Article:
MU-MIMO, OFDMA & QAM

At the risk of overwhelming you with acronyms and jargon, we must mention multi-user multiple input multiple output (MU-MIMO), Orthogonal Frequency Division Multiple Access (OFDMA), and Quadrature Amplitude Modulation (QAM). Advances in these technologies are why WiFi 6 is a game-changer for WLANs.

While MU-MIMO was part of the WiFi 5 standard, WiFi 6 introduces simultaneous uplink (UL) and downlink (DL) MU-MIMO for more efficient connectivity. OFDMA (an improvement over sequential OFDMultiplexing) accommodates multiple users simultaneously by dividing a WiFi channel into smaller frequency subcarriers called "resource units" (RUs). Combined, these two technologies facilitate greater data-intensive tasks for both high and low bandwidth (e.g., streaming and IoT) applications or a combination of both simultaneously in dense environments.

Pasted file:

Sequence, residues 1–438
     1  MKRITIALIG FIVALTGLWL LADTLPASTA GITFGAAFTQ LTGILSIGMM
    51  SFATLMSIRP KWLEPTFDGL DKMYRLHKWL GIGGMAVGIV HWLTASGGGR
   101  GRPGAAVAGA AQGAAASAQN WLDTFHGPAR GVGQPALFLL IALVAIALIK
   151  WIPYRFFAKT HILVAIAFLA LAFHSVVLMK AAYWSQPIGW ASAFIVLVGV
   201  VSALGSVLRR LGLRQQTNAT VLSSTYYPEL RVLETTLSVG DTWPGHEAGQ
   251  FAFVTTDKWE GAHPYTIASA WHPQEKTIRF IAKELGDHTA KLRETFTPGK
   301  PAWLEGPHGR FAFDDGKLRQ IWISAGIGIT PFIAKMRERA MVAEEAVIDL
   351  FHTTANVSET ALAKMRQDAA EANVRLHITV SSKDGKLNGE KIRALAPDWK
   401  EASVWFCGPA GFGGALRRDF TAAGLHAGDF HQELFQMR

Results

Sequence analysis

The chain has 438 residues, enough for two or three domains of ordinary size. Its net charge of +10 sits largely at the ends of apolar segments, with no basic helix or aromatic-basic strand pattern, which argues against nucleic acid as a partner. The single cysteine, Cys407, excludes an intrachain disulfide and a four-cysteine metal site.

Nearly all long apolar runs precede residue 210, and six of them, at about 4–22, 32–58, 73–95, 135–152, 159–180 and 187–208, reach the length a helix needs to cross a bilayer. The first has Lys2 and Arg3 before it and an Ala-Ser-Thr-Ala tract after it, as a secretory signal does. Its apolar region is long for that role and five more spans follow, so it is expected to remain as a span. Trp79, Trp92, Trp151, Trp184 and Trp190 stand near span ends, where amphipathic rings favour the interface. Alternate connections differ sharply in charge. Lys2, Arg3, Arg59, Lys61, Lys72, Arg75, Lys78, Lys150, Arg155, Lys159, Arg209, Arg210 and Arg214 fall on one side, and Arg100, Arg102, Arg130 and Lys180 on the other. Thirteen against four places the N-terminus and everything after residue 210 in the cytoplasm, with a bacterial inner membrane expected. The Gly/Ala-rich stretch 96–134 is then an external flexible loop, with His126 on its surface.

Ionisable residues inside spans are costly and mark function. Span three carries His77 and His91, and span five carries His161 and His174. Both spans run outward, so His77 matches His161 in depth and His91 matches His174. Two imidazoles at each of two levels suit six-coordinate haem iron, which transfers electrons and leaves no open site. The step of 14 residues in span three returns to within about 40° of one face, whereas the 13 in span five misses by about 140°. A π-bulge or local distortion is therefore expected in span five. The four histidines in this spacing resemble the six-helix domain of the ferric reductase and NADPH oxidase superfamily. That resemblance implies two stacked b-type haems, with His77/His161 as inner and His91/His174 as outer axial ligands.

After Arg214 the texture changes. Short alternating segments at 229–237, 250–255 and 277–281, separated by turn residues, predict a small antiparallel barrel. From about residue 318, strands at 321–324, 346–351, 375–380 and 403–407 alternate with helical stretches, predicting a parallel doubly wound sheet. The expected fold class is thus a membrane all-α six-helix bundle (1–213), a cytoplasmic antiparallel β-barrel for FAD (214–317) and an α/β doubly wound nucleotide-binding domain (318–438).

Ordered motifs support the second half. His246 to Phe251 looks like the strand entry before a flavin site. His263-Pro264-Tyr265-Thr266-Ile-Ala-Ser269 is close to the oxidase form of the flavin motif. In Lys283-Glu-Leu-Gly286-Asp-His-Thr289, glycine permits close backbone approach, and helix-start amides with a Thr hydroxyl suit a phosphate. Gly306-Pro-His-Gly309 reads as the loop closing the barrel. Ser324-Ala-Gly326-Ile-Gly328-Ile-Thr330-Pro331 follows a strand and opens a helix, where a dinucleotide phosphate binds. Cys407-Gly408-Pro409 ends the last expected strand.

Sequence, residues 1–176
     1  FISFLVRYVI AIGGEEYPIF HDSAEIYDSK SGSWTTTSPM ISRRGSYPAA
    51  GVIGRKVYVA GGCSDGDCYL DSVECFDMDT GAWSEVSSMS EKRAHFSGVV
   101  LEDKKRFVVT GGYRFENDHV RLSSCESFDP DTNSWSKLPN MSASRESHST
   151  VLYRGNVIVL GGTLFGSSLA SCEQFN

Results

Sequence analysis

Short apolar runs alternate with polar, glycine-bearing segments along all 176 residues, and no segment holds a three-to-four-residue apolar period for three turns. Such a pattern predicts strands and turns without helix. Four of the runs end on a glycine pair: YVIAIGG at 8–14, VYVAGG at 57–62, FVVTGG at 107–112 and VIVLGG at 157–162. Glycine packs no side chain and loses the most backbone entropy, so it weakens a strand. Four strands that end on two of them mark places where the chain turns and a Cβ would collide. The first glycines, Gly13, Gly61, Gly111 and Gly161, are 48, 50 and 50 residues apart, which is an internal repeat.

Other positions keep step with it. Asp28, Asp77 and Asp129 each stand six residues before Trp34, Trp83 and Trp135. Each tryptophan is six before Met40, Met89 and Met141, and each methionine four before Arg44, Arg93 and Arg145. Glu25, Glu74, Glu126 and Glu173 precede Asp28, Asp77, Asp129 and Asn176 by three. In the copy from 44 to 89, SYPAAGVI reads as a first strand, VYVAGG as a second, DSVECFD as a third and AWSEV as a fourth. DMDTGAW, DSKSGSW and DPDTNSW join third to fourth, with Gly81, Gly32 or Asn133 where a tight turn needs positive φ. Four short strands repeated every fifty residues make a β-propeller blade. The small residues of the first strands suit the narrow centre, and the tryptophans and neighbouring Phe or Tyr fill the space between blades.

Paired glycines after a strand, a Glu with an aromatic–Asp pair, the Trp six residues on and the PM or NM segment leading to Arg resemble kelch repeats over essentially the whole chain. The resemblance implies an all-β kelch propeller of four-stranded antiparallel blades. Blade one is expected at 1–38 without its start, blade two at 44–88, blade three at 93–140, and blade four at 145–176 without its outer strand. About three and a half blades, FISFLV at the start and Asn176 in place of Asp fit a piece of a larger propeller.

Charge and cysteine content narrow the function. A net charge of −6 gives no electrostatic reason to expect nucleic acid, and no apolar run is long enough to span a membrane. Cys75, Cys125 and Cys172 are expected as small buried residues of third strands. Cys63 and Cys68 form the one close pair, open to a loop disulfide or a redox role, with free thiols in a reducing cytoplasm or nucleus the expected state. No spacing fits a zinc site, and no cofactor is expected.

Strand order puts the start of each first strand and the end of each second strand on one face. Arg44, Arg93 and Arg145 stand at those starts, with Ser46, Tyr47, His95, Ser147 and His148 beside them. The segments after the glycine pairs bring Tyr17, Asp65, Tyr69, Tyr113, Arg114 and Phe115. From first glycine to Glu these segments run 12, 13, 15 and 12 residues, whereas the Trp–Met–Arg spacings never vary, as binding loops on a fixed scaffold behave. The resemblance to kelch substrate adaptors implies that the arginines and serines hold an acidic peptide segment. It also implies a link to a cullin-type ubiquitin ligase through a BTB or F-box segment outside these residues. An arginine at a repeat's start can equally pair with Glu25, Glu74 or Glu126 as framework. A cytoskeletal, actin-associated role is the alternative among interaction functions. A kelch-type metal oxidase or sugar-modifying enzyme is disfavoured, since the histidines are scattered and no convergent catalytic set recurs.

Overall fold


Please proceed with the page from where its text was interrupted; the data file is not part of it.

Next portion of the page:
WiFi 6's 1024 QAM encodes 25% more data into packets compared to WiFi 5's 256 QAM. Combining 1024 QAM with OFDMA allows 75% less subcarrier spacing compared to OFDM and 256 QAM, enabling the transmission of more data and increasing throughput capacity.

WiFi 6 and IoT

Another big improvement WiFi 6 offers is much-improved battery life performance. Connecting to WiFi networks, especially when a device switches repeatedly between WiFi and cellular networks — or powers on and off — quickly drains a device's battery. As Bluetooth founding father Jim Kardach said, "You have to design things to work efficiently but more importantly, do nothing efficiently."